A $1 billion cyber heist against Bangladesh’s central bank was thwarted by a spelling error

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Hackers broke into the Bangladesh central bank’s account at the Federal Reserve Bank of New York and succeeded in moving $100 million out of it before a spelling mistake tripped up their efforts.

The cyber thieves, using the Bangladesh Bank’s credentials for transferring funds, tried to move another $850 million out of the US account, but one of the transfer requests raised an alarm when the word “foundation” was misspelled as “fandation.” The error was spotted by Deutsche Bank—one of the routing banks—which then asked the Bangladesh Bank for clarification, officials told Reuters. The central bank confirmed the attempted theft on March 13. But it had not immediately informed Bangladesh’s finance ministry when it learned of the breach, prompting finance minister Abul Maal Abdul Muhith to call the handling of the issue “very incompetent.”

The episode already has claimed the job of Atiur Rahman, governor of the Bangladesh Bank, who resigned March 15. He had headed the bank for seven years and was planning to retire in September.

The money the hackers succeeded in moving was reportedly transferred to accounts in Sri Lanka and the Philippines.

The recovery

Authorities in both Bangladesh and the Philippines are on the lookout for the cyber criminals, but it is unclear how much of the stolen money can be recovered.

“Our investigators have been working for about two weeks to recover the stolen funds and we have been able to recover some of it with the help of authorities in Manila,” Muhammad Asaduzzaman, a spokesperson for the Bangladesh Bank, told the Wall Street Journal (paywall) last week.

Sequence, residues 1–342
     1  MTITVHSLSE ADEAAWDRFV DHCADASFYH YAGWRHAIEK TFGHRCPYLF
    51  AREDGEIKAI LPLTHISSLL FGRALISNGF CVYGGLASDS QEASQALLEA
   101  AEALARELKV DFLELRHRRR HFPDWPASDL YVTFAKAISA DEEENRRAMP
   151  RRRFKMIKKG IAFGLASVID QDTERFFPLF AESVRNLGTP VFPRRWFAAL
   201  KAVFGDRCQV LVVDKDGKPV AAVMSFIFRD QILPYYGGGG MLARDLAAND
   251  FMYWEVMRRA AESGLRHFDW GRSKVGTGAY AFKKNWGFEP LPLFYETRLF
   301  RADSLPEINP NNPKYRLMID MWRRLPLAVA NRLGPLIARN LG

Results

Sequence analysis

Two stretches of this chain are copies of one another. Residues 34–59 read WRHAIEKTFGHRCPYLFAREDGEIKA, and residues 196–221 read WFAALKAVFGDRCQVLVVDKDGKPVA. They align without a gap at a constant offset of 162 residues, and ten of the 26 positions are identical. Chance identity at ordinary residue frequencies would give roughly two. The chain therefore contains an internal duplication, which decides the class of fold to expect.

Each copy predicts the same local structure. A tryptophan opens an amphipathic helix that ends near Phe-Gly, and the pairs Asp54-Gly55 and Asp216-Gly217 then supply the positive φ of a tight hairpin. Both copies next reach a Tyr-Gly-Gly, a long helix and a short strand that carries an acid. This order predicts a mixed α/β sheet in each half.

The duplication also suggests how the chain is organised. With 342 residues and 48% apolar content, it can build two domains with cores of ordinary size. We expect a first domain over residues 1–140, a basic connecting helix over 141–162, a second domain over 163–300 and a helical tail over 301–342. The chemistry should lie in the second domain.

On March 15, a senator in the Philippines who was investigating the theft said that more than $30 million of the stolen funds were given to a Chinese man in Manila, in cash. Reuters reported that the cash delivery would have meant a transfer of “at least 780,000 banknotes.”

The Anti-Money Laundering Council in the Philippines is in the process of drafting charges against several people suspected of being involved in the theft.

Meanwhile, the New York Fed has said there is still no evidence that its systems were penetrated. It indicated that the transfer requests passed muster with SWIFT, or the Society for Worldwide Interbank Financial Telecommunication, which is the global messaging network used by banking institutions to securely send information about financial transactions. From the New York Fed’s March 9 statement:

To date, there is no evidence of any attempt to penetrate Federal Reserve systems in connection with the payments in question, and there is no evidence that any Fed systems were compromised.

The payment instructions in question were fully authenticated by the SWIFT messaging system in accordance with standard authentication protocols. The Fed has been working with the central bank since the incident occurred, and will continue to provide assistance as appropriate.